Those Were the Days

by on December 23rd, 2010
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It was St. Patrick’s Day, 2005. I was seventeen, a junior in high school. I wasn’t the type that had many friends, and my school was very small and rural (we had a graduating class of 280 or so students). I was more along the lines of ‘that one person everyone knows, but no one really talks to’ back in high school, minus two or three people.

But I digress.

Anyway, so it’s St. Patrick’s Day. There’s nothing to do in our little town, hardly anything interesting ever happens. I’m at my friend’s house (we’ll call her Anna, from this point on), and we’re bored out of our minds. Now, I was never exactly a model child – I had my problems, especially in high school, and I wasn’t the healthiest in dealing with them. Anna, on the other hand, was very straight-laced.

Somehow, I convinced her that doing jager bombs was a good idea (oh, the connections I had even in my small town). This, it turns out, was both the best and worst idea I could have come up with. Anna had never touched a drop of alcohol in her life, whereas I spent most of my teenage years in a drunken haze, rejecting reality and substituting my own. I don’t remember the entire night, but I do remember the trip we made to Wal-Mart (the popular hangout for pretty much every high school kid in the county).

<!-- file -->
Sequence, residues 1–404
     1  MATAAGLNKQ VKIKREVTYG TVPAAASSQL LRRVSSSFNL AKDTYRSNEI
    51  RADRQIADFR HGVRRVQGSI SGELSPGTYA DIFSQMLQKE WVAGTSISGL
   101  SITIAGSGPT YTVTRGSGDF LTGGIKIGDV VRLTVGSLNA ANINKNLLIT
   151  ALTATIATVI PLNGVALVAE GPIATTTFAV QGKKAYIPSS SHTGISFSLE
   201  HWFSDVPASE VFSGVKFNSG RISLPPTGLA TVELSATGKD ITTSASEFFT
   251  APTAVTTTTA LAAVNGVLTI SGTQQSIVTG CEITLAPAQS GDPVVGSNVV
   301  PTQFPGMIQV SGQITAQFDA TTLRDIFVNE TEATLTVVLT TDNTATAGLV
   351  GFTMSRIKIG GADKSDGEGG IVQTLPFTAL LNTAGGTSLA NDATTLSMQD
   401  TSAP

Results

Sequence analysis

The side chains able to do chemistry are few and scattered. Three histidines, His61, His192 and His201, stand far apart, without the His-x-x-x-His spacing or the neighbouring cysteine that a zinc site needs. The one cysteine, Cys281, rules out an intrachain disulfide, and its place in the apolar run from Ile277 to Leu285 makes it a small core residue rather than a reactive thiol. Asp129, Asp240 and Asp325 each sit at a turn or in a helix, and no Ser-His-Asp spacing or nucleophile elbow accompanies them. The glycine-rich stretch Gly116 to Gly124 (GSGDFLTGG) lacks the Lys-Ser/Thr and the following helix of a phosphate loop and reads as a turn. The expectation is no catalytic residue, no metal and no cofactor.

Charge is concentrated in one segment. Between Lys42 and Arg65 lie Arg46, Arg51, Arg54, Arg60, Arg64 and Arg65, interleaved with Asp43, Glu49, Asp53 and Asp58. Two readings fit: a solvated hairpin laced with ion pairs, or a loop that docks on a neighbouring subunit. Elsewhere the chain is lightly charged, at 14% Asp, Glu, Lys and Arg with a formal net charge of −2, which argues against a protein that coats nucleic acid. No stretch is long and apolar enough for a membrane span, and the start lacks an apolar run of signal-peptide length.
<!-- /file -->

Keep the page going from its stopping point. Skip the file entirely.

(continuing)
I remember thinking it was the most fun thing I’d ever done, stumbling through aisles, knocking things down, breaking things. Wandering the grocery section and picking out food, only to eat it before we ever got it to the register. Anna was having more trouble with the walking than I was, and we were both giggling like crazy people, but it was a lot of fun. Probably one of my fondest memories from adolescence.

Needless to say, we got caught. Our parents weren’t exactly happy to hear from the cops at three in the morning, but neither of us got into too much trouble. Sitting in the police station for so long was worse than any punishment my mother could have dreamed up (she was never one for punishments, and they never stuck – not even grounding).

It was a bonding experience, a growing experience, and one I’ll never have again, but will always cherish for the memories.

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